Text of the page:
The second chart represents the solution we are aiming to achieve. The first observation you should make is that the second process finishes earlier, which is good. The second one is: when we are processing first page (yellow 1), the second page is already being downloaded (green 2). When we begin processing page 2, page 3 began downloading. And so on. We will go back to this chart later, once we have a working implementation. Let's put this into code.

Threads are the way to achieve background loading of data (green blocks). However simply starting a thread for each green block is both slow and inconvenient. Thread pool with just a single thread is much more flexible and easier to use. First let's wrap our call to loadData() into Callable<Data>:
private class LoadDataTask implements Callable<Data> {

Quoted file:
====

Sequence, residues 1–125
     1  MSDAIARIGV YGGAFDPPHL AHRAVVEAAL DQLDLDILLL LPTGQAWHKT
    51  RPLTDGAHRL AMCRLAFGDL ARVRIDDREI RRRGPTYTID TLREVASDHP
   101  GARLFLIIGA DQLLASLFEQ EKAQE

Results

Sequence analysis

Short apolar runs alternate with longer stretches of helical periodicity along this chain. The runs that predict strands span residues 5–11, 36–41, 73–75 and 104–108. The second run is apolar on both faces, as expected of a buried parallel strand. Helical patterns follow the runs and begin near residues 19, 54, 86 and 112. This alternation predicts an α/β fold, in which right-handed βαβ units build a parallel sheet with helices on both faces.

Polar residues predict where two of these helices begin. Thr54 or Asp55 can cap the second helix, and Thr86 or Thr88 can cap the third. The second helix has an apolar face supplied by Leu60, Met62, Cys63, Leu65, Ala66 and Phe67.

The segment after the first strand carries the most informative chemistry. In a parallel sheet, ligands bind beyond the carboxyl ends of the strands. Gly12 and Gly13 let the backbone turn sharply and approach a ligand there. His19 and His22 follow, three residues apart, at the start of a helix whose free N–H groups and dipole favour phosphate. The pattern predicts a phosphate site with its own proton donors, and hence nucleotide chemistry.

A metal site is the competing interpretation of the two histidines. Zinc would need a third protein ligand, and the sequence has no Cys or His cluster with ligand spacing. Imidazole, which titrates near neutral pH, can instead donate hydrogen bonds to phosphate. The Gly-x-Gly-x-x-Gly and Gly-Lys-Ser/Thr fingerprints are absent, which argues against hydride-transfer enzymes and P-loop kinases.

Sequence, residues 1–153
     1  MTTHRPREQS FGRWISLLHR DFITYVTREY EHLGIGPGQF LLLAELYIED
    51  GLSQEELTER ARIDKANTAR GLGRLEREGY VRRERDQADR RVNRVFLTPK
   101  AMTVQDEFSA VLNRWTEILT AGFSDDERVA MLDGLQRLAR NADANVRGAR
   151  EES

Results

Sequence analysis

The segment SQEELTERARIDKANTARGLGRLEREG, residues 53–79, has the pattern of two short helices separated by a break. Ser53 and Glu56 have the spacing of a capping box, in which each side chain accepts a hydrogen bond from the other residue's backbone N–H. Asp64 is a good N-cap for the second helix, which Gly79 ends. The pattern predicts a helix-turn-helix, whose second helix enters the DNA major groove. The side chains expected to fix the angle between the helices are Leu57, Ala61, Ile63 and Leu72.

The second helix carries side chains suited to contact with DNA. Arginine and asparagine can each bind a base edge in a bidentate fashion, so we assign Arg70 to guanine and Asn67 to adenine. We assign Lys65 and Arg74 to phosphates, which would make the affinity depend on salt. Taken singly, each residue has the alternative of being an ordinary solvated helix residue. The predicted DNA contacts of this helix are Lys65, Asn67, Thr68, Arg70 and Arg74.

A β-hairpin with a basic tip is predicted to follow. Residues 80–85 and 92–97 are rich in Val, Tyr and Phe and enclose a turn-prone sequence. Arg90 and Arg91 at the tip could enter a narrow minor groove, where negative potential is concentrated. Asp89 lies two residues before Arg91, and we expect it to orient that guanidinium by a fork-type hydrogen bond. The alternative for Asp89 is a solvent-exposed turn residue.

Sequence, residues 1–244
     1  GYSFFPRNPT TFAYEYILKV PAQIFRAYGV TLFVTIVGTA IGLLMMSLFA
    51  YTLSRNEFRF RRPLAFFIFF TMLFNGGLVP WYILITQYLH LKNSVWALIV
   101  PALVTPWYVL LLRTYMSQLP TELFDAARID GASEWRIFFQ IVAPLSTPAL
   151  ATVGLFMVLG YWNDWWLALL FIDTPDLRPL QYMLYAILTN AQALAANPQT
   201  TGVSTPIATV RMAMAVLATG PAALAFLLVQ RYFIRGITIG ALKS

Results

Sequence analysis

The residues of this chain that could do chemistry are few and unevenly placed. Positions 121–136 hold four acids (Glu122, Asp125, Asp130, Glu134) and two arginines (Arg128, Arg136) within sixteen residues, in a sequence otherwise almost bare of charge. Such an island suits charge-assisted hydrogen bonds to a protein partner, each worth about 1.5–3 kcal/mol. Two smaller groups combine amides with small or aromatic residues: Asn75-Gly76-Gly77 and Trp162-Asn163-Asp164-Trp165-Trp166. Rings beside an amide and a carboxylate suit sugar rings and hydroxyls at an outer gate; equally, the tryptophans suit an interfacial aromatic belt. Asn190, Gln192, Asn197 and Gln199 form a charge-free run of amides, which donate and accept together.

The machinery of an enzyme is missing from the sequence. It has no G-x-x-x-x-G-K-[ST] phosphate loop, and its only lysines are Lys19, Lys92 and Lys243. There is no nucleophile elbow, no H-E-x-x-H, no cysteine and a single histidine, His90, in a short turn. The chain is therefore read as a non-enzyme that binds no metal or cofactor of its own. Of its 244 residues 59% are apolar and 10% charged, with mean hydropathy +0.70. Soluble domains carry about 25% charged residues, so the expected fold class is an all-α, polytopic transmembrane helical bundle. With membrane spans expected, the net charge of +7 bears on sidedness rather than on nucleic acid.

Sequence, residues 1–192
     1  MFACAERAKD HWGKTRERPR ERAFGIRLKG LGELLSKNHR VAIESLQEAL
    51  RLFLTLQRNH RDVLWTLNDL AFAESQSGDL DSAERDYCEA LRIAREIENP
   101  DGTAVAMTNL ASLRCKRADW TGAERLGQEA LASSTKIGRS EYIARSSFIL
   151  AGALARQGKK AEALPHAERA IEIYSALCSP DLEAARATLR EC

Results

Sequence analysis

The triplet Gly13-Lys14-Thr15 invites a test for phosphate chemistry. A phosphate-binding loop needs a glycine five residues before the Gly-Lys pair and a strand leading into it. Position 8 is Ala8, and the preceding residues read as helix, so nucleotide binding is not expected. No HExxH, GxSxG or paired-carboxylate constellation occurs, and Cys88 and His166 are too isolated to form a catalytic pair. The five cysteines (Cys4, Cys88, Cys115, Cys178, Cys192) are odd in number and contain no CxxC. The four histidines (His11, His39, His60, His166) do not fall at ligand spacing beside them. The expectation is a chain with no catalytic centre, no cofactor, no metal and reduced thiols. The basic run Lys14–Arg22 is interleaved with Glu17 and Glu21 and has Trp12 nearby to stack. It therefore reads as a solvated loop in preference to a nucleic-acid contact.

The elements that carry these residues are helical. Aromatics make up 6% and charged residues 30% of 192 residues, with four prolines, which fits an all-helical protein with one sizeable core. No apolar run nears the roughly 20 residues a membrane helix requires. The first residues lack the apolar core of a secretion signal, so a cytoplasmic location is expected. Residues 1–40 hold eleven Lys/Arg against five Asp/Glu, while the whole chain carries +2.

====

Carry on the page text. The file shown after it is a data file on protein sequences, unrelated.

private final int page;
 
    private LoadDataTask(int page) {
        this.page = page;
    }
 
    @Override
    public Data call() throws Exception {
        return loadData(page);
    }
}
Once we have such class it's easy to feed thread pool (represented by ExecutorService) and wait for a reply. Here is a full implementation:
ExecutorService executorService = Executors.newSingleThreadExecutor();
Future<Data> next = executorService.submit(new LoadDataTask(0));
for (int i = 0; i < MAX; ++i) {
    Future<Data> current = next;
    if (i + 1 < MAX) {
        next = executorService.submit(new LoadDataTask(i + 1));
    }
    Data data = current.get();  //this can block
    process(data);
}
executorService.shutdownNow();
Executors.newSingleThreadExecutor() basically creates a background thread waiting for tasks to run. We cannot use a bigger pool (with more threads) because then we would risk keeping too much data in memory, before it gets processed.